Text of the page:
Simply put, it adds one more ex officio member in the Delhi Sikh Gurdwara Managament Committee (DSGMC) house. Earlier, there were four ex officio members in the house — the chiefs (jathedars) of the other four Sikh Takhts.

Prior to this, the DSGMC house was of 55 member: 46 elected, two co-opted, two chosen through lottery from among the gurdwara Singh Sabhas, one nominated by the Shiromani Gurdwara Parbandhak Committee (SGPC), and four jathedars of Sikh Takhts. If the Delhi Lieutenant Governor gives his approval to the amendment Bill and it becomes a law, it will make the chief of the Takht Damdama Sahib, too, an ex officio member in the DSGMC house, taking its strength to 56. Ex officio members have no voting rights in the house.

Is it the first time it has been recognised as the fifth Takht?

No. It was back in 1999 that Takht Damdama Sahib was recognised as the fifth Sikh Takht by the Union Home Ministry, which included it as such in the Sikh Gurdwaras Act, 1925 (Punjab Act VIII of 1925) with a notification dated April 23, 1999. Before that, an SGPC sub-committee had declared it the fifth Takht of Sikhs back in November 1966 after Punjab was carved out as a separate state through the Punjab Reorganisation Act, 1966.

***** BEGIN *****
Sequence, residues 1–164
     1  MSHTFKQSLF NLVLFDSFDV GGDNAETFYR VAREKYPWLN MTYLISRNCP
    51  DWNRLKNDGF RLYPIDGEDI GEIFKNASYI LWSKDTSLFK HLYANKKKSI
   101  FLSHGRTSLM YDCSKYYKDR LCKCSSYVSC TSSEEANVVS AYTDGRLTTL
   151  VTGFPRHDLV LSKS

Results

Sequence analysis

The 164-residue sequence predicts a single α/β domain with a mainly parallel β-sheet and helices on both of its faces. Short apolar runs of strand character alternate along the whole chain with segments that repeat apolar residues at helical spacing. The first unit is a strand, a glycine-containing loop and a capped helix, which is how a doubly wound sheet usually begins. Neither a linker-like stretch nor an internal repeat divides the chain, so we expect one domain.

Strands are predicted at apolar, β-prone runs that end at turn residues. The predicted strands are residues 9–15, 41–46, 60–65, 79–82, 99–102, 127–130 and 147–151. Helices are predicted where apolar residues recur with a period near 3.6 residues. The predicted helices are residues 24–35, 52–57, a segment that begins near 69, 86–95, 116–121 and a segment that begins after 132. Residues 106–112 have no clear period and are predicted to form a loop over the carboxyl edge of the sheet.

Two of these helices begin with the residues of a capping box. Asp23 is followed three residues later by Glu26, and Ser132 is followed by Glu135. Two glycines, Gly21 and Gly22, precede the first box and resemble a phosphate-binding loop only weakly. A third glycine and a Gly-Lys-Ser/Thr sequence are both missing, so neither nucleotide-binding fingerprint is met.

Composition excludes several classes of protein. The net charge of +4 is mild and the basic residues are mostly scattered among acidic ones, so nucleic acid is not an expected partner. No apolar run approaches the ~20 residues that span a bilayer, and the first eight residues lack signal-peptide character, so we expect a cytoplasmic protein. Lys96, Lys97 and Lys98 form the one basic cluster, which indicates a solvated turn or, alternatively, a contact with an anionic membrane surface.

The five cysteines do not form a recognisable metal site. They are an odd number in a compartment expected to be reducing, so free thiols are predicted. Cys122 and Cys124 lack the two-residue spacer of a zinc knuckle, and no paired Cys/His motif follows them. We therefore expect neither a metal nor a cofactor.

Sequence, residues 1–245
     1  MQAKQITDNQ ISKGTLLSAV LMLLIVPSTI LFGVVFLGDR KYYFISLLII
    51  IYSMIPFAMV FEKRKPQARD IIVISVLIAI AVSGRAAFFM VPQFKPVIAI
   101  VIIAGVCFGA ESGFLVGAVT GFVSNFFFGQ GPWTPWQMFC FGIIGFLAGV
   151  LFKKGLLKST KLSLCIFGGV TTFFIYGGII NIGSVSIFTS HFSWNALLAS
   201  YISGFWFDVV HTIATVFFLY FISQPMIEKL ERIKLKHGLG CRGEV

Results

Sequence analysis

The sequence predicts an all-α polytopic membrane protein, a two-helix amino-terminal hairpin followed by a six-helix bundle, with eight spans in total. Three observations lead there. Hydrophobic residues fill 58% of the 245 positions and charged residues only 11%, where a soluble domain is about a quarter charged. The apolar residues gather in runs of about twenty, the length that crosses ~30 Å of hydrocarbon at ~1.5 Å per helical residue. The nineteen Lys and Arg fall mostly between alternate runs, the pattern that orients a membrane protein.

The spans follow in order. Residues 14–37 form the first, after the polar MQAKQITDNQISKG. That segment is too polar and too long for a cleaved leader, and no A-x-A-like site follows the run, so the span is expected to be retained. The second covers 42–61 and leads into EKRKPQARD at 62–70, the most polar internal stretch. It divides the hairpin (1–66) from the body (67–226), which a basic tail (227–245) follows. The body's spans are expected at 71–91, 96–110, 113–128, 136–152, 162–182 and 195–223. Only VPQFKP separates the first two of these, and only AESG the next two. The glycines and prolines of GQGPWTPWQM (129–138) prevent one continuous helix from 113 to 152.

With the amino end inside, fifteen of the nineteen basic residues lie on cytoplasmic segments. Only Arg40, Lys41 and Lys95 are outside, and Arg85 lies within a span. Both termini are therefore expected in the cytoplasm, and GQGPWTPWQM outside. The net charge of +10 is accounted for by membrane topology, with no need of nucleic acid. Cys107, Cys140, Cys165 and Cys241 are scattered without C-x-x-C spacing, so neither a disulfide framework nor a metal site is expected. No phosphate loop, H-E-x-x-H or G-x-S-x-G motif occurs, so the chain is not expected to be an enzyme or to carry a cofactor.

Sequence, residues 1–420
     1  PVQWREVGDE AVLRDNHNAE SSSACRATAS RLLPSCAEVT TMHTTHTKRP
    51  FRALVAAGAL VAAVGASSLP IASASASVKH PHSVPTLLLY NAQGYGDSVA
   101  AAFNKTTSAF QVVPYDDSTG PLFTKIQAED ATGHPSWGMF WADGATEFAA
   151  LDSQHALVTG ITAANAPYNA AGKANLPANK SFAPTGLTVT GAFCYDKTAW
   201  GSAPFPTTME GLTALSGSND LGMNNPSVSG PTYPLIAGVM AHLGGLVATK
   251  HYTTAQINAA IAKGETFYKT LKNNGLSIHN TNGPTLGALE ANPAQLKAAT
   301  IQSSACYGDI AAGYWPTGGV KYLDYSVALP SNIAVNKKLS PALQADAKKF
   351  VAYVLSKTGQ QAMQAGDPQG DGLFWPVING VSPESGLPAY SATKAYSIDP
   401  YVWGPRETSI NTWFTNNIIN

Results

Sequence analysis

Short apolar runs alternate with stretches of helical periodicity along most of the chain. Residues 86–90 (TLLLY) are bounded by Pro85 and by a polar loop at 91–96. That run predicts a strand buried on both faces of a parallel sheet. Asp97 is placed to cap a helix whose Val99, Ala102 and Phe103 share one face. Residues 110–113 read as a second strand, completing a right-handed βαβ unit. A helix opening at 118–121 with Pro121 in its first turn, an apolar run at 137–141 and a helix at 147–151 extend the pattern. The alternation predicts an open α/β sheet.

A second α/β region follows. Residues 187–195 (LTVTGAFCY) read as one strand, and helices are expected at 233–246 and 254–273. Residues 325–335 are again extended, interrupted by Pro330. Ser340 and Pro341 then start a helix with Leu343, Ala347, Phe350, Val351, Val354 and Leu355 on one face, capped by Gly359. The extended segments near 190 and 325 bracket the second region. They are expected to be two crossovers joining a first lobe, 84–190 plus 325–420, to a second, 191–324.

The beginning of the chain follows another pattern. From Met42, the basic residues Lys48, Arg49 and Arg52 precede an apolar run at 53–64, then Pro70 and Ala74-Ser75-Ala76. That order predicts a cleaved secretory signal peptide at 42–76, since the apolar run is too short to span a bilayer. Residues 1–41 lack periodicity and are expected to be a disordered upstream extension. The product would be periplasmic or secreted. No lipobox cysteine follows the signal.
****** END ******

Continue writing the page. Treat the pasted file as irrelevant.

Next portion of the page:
Shiromani Akali Dal (SAD) spokesperson Daljit Singh Cheema said it was already recognised as the fifth Takht, and the amendment appeared only to be aimed at recognising it in consonance with the earlier amendment to the Sikh Gurdwara Act 1925.

Former DSGMC president Manjit Singh G K, who fell out with SAD and has floated his own party, told The Indian Express: “I had first taken up this issue in March 2017 to make amendments to the Delhi Sikh Gurdwara Act. Sentimentally, the correction has been made and it is a great thing for Sikhs. But, practically it is a cosmetic change.”

How politically significant is the move?

It comes ahead of the Punjab Assembly elections, where the Aam Aadmi Party (AAP), Delhi’s ruling party, has high stakes. AAP’s Rajendra Pal Gautam, Minister for Gurdwara Elections in Delhi, told The Indian Express that the Bill was introduced and passed as “DSGMC had approached the Delhi government for this”. Gautam denied that it was linked to the Punjab elections.